The last thing, which I am borderline obsessive about, is fact checking. You can't know everything, and it is  often pointed out among writers that the worst hazards are the things that you don't know you don't know, but I might add the ones that you do think you know can be a problem too. I do my best to check everything,  which takes time, but worth it. 

The manuscript that leaves the building has to be the best I can make it, on this stage of the journey. Fingers crossed this time it won't be tooooo long! 

Wednesday, 18 May 2022

Its a bit hectic around here.

 Life has been little chaotic for the last few weeks, but it is settling down now. I hope so, as I do have a book I want to finish and get to my publisher! 

After the excitement of the CWA conference I came home and went straight into having my bathroom re-modelled. Long story, but the short version is that my shower sprang a leak and attempts at having 

a bath after many decades were traumatic in the extreme. You've heard the one about the three old ladies. This was one old lady who having got in, couldn't get out. The work took twice as long as it was supposed to, and I decamped to the nearest hotel for a couple of nights in order to be able to enjoy - gasp- a working shower. The picture is work in progress, which gives you an idea. The shower is done now, and it is beautiful. Still stuff to do in the room, notably the floor, but we will get there.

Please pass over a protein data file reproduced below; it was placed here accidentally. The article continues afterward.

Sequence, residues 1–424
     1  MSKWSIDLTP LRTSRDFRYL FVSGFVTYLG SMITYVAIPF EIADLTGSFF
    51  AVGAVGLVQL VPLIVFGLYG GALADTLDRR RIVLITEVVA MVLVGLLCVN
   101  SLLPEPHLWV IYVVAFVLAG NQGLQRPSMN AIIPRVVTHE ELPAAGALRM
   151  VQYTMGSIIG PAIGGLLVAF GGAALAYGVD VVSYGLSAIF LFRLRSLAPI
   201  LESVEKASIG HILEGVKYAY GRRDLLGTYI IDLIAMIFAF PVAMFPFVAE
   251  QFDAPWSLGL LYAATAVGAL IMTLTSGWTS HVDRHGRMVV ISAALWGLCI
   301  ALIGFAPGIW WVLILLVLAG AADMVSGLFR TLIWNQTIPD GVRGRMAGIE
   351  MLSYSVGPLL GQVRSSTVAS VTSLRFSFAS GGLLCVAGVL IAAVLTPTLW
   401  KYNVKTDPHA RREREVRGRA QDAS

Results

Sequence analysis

In amongst all this, lovely and longstanding book buddy Margaret James had invited me in January to be a guinea pig for a new column she was trying out in Writing magazine, and the feature, Five Quick Questions was published in the latest addition. Many thanks to Margaret. It was fun to do and I hope it will give readers an insight into how I got where I am today. It was a long journey. Never give up should be the writers' motto. 

 Having got the bit between my teeth I am now attempting to organise other work that needs doing around the house and of course get that book done. The end is nearly in sight, I hope. It got a boost yesterday when the RNA Cariad Chapter had another on-line retreat day, again beautifully organised by the tireless Jessie. It gave the work a boost, as I had no excuse to be diverted to house type stuff.  And it was fun. So good to have support and hear about what other writers are achieving during their day.